Outdoor workers have a higher than average risk of developing skin cancer, however, 90% of skin cancer deaths could be prevented. The adoption of the simple 5 S approach when working outside contributes to this prevention significantly.
EMPLOYERS HAVE A DUTY OF CARE TO PROTECT THEIR EMPLOYEES FROM HAZARDS IN THE WORKPLACE AND ACCORDING TO HSE GUIDELINES, UV RADIATION SHOULD BE CONSIDERED AN OCCUPATIONAL HAZARD FOR PEOPLE WHO WORK OUTDOORS.
The Health and Safety at Work Act makes it clear that there is a legal duty on every employer to ensure, as far as reasonably practical, the health of their employees. It also says that employers must provide “information, instruction, training and supervision” to ensure their safety. The Management of Health and Work Regulations also require the employer to conduct a suitable risk assessment of the risks to the health of their workforce. That includes the risks from UV radiation.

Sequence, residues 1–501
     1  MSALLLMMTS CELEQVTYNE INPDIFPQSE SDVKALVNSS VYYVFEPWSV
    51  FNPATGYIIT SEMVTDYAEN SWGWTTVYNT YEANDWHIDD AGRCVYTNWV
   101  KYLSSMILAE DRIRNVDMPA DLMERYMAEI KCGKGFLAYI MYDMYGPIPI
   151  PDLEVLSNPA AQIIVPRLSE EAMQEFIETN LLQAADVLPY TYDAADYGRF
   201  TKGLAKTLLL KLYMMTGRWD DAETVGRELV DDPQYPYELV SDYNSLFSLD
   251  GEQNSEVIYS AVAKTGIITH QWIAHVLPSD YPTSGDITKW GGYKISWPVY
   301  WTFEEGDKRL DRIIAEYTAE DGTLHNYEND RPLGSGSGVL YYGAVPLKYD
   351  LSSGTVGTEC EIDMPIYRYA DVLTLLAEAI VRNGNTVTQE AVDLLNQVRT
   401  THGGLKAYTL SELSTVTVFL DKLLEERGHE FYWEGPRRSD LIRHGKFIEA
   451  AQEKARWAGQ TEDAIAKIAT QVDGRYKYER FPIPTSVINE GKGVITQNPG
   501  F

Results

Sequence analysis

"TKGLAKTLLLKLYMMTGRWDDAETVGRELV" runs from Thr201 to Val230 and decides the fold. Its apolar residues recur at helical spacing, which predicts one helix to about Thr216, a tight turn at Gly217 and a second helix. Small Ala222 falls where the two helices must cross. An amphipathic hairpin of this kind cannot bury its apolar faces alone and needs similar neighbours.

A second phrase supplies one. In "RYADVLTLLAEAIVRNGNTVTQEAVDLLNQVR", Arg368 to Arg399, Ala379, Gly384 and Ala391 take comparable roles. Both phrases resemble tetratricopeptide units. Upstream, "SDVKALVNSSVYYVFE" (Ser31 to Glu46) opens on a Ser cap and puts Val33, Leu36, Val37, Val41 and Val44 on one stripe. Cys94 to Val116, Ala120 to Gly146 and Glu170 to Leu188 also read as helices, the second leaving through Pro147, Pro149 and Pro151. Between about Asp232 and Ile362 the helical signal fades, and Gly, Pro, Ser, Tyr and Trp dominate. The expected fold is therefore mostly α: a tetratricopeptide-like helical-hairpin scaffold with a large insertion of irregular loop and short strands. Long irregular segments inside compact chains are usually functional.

Source: TUC Guidance for safety representatives.
Adopted by the World Health Organisation, the UV Index indicates on a daily basis what the UV levels are and when sun protection measures are required.
Outdoor workers need to be protected as soon as the UV index reaches 3, not just when the sun is shining.